Initial medical therapy is directed at lowering IOP with aqueous suppressants, shrinking the vitreous with hyperosmotic agents and attempting posterior displacement of the lens-iris diaphragm with a strong cycloplegic such as atropine. A laser iridotomy must be performed if one is not present or if patency of a previous iridotomy cannot be established. The effect of medical therapy is often not immediate, but approximately 50 percent of cases will be relieved within five days.

    If medical management is unsuccessful, or if lens-cornea touch occurs, Nd:YAG laser therapy may be attempted to disrupt the posterior capsule and anterior hyaloid face. Argon laser through a peripheral iridectomy may also be used in an attempt to shrink the ciliary processes and relieve ciliolenticular blockage of the anterior flow of aqueous. When laser therapy is not possible or is unsuccessful, posterior vitrectomy should be performed with disruption of the anterior hyaloid face.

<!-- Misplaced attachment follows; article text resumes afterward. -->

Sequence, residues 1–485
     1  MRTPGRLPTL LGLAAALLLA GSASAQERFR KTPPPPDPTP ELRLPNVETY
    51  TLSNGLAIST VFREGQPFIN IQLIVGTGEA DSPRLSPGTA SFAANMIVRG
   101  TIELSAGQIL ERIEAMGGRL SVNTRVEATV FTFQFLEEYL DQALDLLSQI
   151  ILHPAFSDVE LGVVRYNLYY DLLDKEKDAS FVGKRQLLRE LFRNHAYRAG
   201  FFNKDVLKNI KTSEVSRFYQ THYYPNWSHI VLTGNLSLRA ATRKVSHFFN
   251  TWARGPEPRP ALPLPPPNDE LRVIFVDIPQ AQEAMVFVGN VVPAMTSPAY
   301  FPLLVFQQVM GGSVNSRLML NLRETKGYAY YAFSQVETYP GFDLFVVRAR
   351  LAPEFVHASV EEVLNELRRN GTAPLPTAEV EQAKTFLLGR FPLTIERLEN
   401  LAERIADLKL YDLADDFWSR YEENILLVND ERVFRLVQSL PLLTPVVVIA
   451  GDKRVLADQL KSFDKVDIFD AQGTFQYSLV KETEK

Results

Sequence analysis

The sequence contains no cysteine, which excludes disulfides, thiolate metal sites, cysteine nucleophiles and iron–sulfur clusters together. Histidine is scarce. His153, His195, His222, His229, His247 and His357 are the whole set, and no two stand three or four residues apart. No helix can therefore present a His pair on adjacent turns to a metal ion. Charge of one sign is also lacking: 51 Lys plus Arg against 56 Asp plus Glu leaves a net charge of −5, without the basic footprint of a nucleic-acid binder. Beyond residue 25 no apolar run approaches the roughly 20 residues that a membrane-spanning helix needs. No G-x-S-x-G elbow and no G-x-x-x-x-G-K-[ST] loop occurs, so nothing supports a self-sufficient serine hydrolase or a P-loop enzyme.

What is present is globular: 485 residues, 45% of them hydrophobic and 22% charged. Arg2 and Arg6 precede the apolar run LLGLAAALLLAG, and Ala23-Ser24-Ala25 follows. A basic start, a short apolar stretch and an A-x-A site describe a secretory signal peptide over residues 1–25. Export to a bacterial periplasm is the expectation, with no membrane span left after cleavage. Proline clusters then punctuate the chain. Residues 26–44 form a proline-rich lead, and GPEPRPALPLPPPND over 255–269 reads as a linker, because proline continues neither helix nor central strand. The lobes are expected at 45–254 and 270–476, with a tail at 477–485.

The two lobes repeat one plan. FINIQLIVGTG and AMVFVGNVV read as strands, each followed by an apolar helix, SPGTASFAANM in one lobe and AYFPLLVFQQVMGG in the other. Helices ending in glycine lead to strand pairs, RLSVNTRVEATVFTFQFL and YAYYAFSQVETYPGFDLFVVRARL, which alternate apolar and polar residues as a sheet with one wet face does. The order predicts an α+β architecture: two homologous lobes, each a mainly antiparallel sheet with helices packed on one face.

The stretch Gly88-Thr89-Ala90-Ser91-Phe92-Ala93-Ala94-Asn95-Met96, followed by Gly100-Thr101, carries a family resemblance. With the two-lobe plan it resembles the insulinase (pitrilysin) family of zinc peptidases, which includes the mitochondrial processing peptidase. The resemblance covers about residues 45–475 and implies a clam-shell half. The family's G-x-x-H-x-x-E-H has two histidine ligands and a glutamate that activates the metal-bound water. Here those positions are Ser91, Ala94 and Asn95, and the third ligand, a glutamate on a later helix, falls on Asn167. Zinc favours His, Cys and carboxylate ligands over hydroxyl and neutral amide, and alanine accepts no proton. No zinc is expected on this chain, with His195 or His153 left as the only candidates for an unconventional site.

Once the anterior chamber deepens and the IOP has been normalized, medical treatment can be withdrawn gradually. The patient may require indefinite treatment with cycloplegics to prevent recurrence if vitrectomy was not performed.


    1 Ruben, S. et al. Br J Ophthalmol 1997;81:163–167.

    2 Quigley, H. A. et al. J Glaucoma 2003;12:167–180.

    3 Quigley, H. A. Am J Ophthalmol 2009;148(5):657–669.


    Drs. Dorairaj and Chan are second-year ophthalmology residents at the New York Eye and Ear Infirmary, and Dr. Teng is a clinical assistant professor at New York Medical College and the New York Eye and Ear Infirmary.